OSLO, Aug 23 (Reuters) – Meta Platforms (META.O) is breaking European data privacy rules in Norway, the country’s data regulator told a court on Wednesday, in a case that could have wider European implications.
Meta has been fined one million crowns ($94,145) per day since Aug. 14 for breaching users’ privacy by harvesting user data and using it to target advertising at them.
So-called behavioural advertising is a business model common to Big Tech.
The owner of Facebook and Instagram is seeking a temporary injunction against the order, which imposes a daily fine for the next three months.
The fine is valid as Meta is not respecting European General Data Protection Regulation (GDPR), said Hanne Inger Bjurstroem Jahren, a lawyer representing the regulator, Datatilsynet.
“There is no discussion on whether the company is in violation of these rules … Today Meta breaks GDPR rules,” she told the court, speaking on the last day of a two-day hearing.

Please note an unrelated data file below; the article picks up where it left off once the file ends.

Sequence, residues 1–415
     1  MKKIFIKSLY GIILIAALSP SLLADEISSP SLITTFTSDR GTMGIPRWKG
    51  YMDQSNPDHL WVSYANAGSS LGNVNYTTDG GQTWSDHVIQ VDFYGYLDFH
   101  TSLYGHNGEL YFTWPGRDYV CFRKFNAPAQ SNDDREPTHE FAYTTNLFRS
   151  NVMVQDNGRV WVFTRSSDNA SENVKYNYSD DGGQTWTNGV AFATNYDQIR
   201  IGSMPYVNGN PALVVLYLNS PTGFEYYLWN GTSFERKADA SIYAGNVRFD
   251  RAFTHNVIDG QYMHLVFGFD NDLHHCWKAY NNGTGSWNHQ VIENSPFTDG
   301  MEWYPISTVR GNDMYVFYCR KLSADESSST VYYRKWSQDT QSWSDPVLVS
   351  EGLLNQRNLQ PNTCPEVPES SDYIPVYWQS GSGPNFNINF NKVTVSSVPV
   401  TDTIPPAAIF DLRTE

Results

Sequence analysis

Meta told the court on Tuesday it had already committed to ask for consent from users and that Datatilsynet used an “expedited process” that was unnecessary and did not give the company enough time to answer.
The regulator has said that it was unclear when, and how, Meta would seek consent from users and that, in the meantime, users’ rights were being violated.
Datatilsynet could make the fine permanent by referring its decision to the European Data Protection Board, which has the power to do so, if it agrees with the Norwegian regulator’s decision.
That could also widen the decision’s territorial scope to the rest of Europe. Datatilsynet had yet to take this step.
Norway is not a member of the European Union but is part of the European single market.
($1 = 10.6219 Norwegian crowns)
Reporting by Gwladys Fouche
Editing by Tomasz Janowski
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